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Amazon Rewards Visa Card Review

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The Amazon Rewards Visa card is a must-have for your wallet—whether you’re an Amazon Prime member or not.

I’ve long thought of the Amazon Rewards Visa as something of a dark horse in the credit card rewards world. While underestimated and unflashy, the Amazon Rewards Visa offers features that can fill significant gaps in your personal finance toolkit. Now Amazon has a credit card that’s significantly better, making it something of a competitor with shinier (literally) and more expensive cards—even ones like Chase Sapphire Preferred® Card.

Amazon Prime Visa gives users 5 percent back

There are technically two different Amazon Visa cards. There’s the Amazon Visa Rewards Card, which is the original credit card in slightly newer form, and the Amazon Prime Visa Card, which is for Amazon Prime members.

Amazon Visa Credit Card

Welcome Offer

There are no bonus offers with the Amazon Visa cards.


Depending on Prime membership, you'll get 5% cash back on Amazon purchases (3% for non-Prime members), 5% cash back on Chase Travel purchases (3% for non-Prime members), 2% back at restaurants, drug stores, and gas stations, and 1% on all other purchases.

Annual Fee


Our Thoughts

Both the Amazon Visa Card and Amazon Prime Visa Card are excellent options for those who make frequent purchases from, at gas stations and restaurants, and on local transit and commuting.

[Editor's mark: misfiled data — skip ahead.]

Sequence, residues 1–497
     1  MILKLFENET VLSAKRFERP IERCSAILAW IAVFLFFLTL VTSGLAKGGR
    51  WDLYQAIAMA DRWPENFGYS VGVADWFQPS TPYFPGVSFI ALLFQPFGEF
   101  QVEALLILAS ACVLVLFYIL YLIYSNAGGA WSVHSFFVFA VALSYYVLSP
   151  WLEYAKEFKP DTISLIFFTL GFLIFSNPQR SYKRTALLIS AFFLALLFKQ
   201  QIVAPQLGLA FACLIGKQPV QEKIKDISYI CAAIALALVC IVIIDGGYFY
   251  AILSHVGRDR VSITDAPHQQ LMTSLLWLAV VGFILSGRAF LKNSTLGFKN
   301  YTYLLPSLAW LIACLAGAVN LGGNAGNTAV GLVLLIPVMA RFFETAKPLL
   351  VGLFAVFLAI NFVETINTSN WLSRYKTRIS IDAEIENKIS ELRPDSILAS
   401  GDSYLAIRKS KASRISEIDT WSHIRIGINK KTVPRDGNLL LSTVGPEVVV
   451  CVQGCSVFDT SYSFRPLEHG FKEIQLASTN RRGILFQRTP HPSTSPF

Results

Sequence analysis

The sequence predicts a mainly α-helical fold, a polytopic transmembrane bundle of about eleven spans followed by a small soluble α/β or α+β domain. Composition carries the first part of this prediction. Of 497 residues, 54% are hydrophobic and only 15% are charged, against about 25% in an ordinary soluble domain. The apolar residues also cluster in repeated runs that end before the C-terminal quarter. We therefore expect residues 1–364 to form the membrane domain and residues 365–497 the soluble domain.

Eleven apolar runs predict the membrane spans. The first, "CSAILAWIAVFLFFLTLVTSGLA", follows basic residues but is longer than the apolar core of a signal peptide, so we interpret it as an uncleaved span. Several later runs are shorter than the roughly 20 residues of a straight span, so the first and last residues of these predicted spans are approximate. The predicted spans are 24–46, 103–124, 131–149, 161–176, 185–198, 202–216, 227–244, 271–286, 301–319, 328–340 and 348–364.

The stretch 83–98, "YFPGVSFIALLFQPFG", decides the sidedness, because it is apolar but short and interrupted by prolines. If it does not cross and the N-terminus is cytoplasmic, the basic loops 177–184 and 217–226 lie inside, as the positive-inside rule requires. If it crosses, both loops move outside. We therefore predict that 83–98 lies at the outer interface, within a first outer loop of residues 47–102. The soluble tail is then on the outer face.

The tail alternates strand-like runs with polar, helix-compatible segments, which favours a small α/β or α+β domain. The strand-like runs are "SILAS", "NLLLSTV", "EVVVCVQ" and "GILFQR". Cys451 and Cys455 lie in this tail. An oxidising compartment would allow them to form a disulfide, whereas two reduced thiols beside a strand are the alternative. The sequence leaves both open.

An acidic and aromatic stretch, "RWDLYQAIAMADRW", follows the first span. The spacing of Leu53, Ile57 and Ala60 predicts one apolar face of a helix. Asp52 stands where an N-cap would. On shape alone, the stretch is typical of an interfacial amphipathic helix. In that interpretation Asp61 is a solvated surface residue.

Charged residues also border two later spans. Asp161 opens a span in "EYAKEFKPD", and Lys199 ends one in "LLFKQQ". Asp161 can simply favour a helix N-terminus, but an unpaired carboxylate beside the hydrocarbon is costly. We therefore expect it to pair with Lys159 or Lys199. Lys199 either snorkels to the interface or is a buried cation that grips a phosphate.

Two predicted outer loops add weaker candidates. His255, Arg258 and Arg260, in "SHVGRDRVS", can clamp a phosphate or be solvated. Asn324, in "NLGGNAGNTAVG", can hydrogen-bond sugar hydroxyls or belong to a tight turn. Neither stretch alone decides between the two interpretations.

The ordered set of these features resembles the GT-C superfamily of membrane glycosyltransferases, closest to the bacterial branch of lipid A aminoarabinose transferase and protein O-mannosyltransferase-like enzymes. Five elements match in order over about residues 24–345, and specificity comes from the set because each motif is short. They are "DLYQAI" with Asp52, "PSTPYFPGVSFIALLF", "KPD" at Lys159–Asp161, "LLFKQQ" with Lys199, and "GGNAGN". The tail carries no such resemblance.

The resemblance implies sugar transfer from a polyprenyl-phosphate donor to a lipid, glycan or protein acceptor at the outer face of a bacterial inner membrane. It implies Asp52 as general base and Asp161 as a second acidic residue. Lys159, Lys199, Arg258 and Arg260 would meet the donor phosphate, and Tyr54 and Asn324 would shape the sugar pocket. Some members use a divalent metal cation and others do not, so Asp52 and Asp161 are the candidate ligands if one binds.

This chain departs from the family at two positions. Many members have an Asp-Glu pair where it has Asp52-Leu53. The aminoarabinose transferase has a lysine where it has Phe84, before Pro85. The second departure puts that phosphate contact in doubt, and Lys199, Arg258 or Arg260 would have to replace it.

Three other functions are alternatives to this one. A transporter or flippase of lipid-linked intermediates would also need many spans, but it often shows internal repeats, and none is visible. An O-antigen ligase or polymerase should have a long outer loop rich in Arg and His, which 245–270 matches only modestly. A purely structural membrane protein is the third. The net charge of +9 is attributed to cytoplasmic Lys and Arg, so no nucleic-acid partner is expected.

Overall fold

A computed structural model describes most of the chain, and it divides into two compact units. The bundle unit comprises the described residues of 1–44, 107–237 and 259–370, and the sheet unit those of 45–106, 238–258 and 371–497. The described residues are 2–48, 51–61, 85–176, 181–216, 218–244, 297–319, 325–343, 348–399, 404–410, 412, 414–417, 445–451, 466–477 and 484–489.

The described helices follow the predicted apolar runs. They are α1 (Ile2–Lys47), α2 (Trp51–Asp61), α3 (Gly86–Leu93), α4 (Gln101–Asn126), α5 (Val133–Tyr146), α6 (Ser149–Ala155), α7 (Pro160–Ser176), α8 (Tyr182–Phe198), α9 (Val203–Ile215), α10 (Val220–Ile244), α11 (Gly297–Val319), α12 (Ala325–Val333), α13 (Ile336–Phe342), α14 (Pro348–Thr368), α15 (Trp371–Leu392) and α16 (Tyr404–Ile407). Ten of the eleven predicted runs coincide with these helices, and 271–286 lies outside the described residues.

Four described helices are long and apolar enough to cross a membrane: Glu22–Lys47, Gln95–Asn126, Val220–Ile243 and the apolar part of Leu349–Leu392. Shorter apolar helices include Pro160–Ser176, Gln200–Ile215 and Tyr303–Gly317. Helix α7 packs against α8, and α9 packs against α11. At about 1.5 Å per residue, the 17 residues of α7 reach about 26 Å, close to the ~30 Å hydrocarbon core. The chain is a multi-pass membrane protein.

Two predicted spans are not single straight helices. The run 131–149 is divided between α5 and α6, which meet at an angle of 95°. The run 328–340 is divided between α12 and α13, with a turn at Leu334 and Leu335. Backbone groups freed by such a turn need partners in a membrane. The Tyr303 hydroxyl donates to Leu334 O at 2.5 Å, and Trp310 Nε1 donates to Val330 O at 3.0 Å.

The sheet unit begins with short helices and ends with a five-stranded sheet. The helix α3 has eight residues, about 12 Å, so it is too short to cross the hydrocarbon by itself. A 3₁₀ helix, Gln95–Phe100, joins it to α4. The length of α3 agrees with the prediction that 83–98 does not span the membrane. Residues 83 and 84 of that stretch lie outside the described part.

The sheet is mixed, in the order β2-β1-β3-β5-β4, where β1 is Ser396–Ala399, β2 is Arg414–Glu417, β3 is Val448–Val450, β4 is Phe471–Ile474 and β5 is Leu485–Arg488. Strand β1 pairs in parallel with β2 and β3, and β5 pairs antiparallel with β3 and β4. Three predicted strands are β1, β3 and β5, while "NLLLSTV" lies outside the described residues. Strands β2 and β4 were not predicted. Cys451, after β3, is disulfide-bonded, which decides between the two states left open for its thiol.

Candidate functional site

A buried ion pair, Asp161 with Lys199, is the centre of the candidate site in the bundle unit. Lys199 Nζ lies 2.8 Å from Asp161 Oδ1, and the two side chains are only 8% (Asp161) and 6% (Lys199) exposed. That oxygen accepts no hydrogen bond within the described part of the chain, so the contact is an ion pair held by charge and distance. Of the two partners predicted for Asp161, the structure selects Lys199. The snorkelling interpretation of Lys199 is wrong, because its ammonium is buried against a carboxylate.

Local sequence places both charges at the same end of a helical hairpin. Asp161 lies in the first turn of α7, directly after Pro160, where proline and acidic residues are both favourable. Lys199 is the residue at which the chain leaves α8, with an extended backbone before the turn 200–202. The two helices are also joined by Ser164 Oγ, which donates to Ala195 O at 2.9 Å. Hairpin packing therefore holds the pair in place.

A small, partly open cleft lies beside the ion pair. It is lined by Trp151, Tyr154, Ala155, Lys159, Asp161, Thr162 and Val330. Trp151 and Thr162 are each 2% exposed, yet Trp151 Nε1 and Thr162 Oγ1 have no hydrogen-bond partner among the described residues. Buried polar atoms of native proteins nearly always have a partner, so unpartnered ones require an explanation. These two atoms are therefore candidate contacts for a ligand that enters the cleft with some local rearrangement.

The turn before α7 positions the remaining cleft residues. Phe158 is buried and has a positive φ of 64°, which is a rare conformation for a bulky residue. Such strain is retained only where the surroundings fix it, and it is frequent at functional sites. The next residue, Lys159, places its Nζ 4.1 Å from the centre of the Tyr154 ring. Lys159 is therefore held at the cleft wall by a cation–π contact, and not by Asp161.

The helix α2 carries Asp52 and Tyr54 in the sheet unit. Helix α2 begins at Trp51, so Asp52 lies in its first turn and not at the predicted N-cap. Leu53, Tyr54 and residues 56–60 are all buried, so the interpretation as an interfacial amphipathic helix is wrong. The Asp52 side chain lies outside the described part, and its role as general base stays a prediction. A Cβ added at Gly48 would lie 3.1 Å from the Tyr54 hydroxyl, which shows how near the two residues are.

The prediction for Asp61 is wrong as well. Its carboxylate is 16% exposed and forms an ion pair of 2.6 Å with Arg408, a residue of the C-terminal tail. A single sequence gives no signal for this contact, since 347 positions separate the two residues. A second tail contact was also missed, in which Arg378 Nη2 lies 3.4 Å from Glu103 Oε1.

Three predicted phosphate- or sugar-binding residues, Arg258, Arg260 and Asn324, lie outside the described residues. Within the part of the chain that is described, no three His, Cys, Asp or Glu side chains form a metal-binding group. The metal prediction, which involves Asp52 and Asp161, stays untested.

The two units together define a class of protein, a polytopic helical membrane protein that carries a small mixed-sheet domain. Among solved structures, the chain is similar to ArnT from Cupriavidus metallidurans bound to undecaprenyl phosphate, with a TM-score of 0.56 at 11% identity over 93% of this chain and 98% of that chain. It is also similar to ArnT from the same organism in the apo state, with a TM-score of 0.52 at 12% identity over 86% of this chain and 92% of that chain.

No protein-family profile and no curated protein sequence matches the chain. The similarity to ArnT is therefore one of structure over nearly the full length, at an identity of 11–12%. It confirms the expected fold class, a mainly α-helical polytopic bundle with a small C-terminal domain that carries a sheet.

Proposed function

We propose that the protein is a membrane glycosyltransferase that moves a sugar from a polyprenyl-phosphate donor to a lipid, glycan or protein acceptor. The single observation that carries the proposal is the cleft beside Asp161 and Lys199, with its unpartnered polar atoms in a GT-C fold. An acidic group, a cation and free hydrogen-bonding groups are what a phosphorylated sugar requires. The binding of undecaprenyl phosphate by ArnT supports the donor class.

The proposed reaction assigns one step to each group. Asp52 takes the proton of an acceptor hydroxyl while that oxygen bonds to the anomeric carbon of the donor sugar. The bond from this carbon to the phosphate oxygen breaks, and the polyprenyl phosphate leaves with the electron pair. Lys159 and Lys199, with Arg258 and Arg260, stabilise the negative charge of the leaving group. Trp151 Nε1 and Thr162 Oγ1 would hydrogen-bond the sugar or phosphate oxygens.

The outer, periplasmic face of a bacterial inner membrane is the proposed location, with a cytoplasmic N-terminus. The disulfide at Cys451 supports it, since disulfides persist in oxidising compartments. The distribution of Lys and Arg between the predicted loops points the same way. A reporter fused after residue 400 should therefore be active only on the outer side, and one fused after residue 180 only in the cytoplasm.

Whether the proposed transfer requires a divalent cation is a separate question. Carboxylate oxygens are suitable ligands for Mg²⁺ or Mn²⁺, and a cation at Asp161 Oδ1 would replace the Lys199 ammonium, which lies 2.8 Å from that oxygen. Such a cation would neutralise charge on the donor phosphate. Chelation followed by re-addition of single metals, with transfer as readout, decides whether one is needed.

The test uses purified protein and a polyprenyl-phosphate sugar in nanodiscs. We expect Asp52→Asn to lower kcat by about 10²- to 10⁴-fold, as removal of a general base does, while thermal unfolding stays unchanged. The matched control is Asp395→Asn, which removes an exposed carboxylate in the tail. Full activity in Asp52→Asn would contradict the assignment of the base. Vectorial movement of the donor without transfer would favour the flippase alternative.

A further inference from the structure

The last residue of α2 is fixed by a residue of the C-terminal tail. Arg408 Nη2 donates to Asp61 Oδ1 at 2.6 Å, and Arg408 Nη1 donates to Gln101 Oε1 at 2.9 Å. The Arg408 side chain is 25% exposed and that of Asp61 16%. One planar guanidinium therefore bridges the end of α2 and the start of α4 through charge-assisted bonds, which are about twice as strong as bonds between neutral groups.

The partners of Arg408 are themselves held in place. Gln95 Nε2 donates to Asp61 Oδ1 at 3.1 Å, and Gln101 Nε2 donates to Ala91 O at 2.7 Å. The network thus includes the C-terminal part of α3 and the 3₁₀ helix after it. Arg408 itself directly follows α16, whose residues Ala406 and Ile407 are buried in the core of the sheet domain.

Offer details accurate as of 12/1/23

The Amazon Prime Visa Card gives cardholders with an eligible Prime account 5% back on every purchase at Amazon, including, Amazon Fresh, and Whole Foods purchases. On top of all that, you’ll also get 5% cash back on Chase Travel purchases! Alternatively, the Amazon Visa Card will earn 3% cash back in those purchases categories.

Real perks for non-Amazon purchases

For me, the advantages with the Amazon Visa card has never really been about shopping at Amazon itself. It’s the less talked about rewards that I value the most—namely, 2% back on purchases at restaurants, local transit and commuting, and gas stations all year long.

For people carrying Chase Freedom Flex℠ or Discover it® Cash Back, the Amazon Visa can serve as a stand-in during those off months when restaurant or fuel purchases aren’t eligible for that sweet 5 percent bonus.

By using the Amazon Visa (which gives you 2 percent back) instead of Chase Freedom Flex℠ or Discover it® Cash Back (which only offers 1 percent back on those non-quarters purchases), you can essentially increase your overall annual rewards rate for gas and restaurant purchases.

Card info has been independently collected by MoneyUnder30 to help consumers better compare cards. The financial institution did not provide or approve card details.

Pros & cons


  • High cash back rate — Both credit cards offer a competitive cash back rate on every purchase at Amazon, including, Amazon Fresh, and Whole Foods purchases.
  • The other rewards are also great — You’ll earn 2% back at restaurants, drug stores, and gas stations.
  • No foreign transactions fees — There’s no foreign transactions fees associated with this card.


  • Not part of Chase Ultimate Rewards — While issued by Chase, it isn’t part of Chase Ultimate Rewards.
  • No sign-up bonus — Unfortunately, there’s no sign-up bonus.
  • High introductory APR — This is definitely not a card for interest-free purchases so you’ll want to pay your bill in full each month.